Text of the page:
Scientists from Imperial College London and the University of Vigo have developed a super-sensitive biosensor to detect a disease even before the symptoms appear.

According to the researchers, standard biosensors used today can only detect presence of biological markers or "biomarkers" if its concentration in a given sample is high. This new sensor can detect the presence of biomarkers even in very low concentrations.

"It is vital to detect diseases at an early stage if we want people to have the best possible outcomes - diseases are usually easier to treat at this stage, and early diagnosis can give us the chance to halt a disease before symptoms worsen. However, for many diseases, using current technology to look for early signs of disease can be like finding the proverbial needle in a haystack. Our new test can actually find that needle," said Molly Stevens from the Departments of Materials and Bioengineering at Imperial College London, lead author of the study.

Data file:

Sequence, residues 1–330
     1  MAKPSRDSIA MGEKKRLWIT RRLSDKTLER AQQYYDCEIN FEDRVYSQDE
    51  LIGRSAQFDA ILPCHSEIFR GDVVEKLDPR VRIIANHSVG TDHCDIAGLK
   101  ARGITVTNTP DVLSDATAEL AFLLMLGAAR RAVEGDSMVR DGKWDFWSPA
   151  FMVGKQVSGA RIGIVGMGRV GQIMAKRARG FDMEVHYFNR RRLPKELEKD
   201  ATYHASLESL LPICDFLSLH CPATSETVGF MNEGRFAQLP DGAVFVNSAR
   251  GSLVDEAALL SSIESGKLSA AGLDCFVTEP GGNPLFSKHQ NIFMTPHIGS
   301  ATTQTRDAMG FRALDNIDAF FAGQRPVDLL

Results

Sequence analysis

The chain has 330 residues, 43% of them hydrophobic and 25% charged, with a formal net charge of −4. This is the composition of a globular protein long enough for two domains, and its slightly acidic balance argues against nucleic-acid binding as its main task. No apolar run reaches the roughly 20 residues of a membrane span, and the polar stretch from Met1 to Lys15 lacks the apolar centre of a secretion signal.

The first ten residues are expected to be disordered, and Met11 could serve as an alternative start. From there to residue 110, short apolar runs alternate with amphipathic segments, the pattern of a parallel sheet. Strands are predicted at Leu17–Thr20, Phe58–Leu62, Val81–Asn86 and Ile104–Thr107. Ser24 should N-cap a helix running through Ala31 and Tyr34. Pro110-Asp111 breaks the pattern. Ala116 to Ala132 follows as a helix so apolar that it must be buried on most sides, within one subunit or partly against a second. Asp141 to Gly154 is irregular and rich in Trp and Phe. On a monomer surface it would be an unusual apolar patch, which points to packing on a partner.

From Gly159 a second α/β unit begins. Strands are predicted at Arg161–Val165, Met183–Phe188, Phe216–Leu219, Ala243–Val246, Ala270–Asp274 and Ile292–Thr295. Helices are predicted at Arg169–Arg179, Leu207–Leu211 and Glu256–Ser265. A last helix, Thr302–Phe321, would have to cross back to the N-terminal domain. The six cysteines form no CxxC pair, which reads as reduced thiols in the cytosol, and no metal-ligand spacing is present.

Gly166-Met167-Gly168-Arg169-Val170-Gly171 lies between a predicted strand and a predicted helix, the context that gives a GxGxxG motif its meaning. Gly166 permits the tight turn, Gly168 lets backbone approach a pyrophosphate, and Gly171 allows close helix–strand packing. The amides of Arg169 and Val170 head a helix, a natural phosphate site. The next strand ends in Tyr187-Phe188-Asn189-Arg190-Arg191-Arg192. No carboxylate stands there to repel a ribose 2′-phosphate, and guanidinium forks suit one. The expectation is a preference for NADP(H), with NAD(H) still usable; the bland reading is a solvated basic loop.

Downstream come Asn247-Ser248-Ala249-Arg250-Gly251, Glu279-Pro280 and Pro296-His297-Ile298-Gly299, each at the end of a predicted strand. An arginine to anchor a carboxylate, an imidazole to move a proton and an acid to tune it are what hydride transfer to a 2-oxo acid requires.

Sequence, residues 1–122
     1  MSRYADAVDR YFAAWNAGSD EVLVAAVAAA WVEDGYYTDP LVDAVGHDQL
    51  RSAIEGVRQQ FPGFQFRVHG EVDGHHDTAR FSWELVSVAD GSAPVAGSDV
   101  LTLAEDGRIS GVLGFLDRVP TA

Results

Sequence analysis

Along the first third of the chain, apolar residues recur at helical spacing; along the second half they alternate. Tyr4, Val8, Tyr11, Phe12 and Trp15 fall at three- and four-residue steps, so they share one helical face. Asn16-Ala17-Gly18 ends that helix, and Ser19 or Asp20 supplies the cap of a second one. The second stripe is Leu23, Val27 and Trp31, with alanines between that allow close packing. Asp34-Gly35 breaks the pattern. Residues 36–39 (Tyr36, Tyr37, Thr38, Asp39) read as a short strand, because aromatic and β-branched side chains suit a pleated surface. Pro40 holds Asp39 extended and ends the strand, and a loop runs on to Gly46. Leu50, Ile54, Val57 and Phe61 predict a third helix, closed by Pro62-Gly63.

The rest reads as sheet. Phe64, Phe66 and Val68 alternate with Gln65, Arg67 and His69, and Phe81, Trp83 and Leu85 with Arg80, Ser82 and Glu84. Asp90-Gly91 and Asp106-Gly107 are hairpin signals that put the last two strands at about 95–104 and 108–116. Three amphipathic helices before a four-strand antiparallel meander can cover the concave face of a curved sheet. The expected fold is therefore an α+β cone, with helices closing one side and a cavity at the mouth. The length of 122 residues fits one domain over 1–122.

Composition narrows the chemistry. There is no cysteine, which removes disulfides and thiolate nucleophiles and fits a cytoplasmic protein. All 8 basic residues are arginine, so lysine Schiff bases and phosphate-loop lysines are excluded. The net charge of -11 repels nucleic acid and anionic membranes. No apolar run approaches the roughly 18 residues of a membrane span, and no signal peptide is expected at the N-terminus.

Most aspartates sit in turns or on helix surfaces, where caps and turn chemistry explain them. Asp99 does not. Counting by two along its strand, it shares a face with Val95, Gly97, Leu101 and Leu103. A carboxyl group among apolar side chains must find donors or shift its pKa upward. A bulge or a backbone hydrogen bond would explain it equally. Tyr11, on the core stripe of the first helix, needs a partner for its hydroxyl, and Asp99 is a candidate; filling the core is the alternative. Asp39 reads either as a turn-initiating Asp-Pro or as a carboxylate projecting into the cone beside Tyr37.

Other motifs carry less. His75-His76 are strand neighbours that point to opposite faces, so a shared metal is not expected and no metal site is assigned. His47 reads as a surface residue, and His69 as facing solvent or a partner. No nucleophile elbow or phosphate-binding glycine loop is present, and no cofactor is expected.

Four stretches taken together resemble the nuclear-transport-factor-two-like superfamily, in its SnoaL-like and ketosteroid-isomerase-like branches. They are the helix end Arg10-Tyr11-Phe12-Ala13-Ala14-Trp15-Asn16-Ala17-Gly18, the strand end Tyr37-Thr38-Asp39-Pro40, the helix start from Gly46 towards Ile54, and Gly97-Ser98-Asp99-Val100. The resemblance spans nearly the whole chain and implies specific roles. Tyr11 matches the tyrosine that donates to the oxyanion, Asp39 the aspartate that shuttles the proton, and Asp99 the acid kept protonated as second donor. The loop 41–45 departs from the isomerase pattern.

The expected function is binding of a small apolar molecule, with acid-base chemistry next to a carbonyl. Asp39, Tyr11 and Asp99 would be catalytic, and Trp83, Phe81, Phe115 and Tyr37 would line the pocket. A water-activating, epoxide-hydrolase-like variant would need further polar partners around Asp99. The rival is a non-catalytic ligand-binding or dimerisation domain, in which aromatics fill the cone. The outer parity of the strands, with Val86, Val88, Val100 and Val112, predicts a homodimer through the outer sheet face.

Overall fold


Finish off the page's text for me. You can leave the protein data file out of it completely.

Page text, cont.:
The researchers said that their new sensor can detect biomarkers of prostate cancer called Prostate Specific Antigen (PSA). They added that this sensor can be modified to test the presence of other biomarkers as well.

"We only looked at the biomarker for one disease in this study, but we're confident that the test can be adapted to identify many other diseases at an early stage," said Stevens.

This biosensor contains gold stars of nanoscopic size. These stars have antibodies attached on them that latch to PSA in the blood (if present). An enzyme, glucose oxidase present in the secondary antibody that recognizes PSA creates a distinctive silver coating on the stars which can be detected by using optical microscopes. The silver coating appears more distinctively if the concentration of biomarkers is low in the blood sample.

The study is published in the journal Nature Materials.